Last September, Dainese introduced its D/air bagequipped one-piece race suit to the U.S. market. A street version was recently introduced in Europe and is expected to be available in the U.S. sometime soon. I won’t go into the mechanics of how it works. It fits neatly inside a riding jacket and just suffice it to say that when all of the algorithms, gyros and accelerometers decide it’s time to deploy the bag, it inflates in microseconds protecting the rider in those areas most likely to be damaged.
And then there is the Honda air bag, BMW’s adaptive headlight system that looks around corners as you lean the bike over, and blind spot monitoring systems that flash a warning in the bike’s mirrors. Spyders are equipped with an amazing traction control system that makes a rollover nearly impossible. ABS allows a rider to jam on all the brakes available which, without it, would surely result in an unplanned get-off. It all sounds good, right? Yes, but like any tool, only if used properly. And too often the downside to all of the safety features now available on motorcycles is that they lull some riders into a false sense of security and even worse, lazy riding in a sport/hobby that is inherently dangerous.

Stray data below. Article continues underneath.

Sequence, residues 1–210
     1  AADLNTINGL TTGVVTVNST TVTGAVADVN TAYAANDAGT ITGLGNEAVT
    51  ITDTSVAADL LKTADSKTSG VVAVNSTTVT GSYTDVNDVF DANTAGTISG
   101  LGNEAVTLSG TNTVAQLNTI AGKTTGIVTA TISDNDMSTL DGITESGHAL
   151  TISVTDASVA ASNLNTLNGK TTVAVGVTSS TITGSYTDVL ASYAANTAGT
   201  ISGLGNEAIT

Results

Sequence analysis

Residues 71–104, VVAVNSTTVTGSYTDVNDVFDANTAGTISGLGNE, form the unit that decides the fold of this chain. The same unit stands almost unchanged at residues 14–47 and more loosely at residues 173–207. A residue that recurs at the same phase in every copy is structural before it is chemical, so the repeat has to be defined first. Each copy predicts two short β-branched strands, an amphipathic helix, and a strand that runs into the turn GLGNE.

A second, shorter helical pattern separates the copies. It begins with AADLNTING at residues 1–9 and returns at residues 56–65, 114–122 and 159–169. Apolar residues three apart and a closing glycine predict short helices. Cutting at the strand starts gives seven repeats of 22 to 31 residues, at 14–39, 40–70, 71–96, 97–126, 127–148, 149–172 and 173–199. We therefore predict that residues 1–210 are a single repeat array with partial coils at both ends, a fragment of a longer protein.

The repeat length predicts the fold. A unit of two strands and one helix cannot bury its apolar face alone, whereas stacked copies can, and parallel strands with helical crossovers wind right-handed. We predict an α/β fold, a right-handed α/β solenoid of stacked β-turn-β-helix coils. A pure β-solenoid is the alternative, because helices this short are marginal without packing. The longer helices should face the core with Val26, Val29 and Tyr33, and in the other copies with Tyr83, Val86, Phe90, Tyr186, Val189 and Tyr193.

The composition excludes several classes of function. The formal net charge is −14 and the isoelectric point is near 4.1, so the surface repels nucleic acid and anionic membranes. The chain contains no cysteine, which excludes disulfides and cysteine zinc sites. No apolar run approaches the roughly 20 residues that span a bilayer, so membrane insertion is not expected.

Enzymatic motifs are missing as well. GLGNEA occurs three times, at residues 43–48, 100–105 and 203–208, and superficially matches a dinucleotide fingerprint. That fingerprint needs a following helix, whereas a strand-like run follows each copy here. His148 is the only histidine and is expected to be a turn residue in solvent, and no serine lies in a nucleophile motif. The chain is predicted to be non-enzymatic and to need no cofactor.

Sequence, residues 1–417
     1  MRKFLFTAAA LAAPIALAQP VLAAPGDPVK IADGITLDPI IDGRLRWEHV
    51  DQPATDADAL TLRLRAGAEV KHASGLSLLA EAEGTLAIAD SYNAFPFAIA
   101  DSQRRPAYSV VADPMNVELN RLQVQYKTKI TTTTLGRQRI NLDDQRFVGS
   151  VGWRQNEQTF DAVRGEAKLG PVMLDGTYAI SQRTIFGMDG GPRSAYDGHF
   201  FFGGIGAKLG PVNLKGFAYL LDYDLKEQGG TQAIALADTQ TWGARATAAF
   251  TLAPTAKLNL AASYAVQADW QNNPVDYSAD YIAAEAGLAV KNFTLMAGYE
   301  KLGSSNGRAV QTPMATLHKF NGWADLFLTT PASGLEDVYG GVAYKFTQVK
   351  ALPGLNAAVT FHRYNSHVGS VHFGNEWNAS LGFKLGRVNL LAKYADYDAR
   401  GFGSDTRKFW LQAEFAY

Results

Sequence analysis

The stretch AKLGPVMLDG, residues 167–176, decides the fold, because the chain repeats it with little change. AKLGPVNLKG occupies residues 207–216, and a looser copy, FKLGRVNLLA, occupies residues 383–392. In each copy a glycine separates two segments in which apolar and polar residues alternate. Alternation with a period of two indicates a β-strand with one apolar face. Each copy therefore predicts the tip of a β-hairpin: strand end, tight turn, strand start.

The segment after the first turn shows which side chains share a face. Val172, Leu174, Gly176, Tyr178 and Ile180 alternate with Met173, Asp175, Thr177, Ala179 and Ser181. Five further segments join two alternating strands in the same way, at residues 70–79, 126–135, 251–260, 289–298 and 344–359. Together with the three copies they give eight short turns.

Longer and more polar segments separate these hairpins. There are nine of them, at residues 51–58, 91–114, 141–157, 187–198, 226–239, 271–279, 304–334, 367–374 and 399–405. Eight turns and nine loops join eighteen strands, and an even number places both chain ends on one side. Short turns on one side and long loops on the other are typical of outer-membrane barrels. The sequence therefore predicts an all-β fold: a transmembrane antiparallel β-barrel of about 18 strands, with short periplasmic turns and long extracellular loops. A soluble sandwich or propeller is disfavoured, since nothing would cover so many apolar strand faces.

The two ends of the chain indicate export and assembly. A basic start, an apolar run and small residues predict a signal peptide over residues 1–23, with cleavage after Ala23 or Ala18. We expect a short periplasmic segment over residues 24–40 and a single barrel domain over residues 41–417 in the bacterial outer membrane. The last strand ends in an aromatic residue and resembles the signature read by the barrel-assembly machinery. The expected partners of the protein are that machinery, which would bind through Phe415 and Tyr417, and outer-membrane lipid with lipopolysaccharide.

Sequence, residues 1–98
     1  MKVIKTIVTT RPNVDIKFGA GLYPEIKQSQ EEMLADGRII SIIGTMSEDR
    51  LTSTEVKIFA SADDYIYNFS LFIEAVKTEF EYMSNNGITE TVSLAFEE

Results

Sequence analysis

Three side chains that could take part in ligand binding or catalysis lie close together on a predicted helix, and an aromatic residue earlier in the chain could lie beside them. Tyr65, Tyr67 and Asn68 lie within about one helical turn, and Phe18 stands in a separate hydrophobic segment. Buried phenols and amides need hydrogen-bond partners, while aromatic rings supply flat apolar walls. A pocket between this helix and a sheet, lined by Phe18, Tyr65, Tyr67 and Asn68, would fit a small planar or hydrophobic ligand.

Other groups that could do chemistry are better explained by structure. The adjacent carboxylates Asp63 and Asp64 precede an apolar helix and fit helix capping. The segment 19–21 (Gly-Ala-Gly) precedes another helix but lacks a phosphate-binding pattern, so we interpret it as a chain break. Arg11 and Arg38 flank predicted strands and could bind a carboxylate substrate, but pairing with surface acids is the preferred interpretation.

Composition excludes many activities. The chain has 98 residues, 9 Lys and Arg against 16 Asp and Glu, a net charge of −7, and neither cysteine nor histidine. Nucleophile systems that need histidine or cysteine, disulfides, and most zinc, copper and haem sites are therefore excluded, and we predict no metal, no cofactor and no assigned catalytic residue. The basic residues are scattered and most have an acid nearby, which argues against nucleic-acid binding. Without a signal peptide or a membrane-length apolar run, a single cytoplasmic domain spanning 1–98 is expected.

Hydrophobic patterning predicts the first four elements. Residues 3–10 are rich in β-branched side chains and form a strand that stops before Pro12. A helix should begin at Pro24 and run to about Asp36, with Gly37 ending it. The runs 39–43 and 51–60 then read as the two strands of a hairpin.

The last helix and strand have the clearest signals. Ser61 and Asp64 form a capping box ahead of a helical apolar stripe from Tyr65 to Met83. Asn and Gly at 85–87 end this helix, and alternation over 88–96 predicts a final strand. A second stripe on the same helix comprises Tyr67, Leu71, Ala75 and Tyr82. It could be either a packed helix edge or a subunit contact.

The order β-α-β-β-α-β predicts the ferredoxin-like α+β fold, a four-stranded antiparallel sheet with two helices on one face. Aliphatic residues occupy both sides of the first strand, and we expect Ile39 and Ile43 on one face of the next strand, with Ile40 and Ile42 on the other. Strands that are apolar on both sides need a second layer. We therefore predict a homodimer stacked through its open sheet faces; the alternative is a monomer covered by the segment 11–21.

An adaptive headlight is not a substitute for an aggressive head turn. A blind spot monitor is not a substitute for a head check. And ABS is not a substitute for applying all of the proper braking techniques taught in every riding course. When these technological marvels are used in conjunction with correct riding techniques, our world is a safer place. And, just like with any tool that is inappropriately used, sooner or later the hammer is going to hit your thumb.
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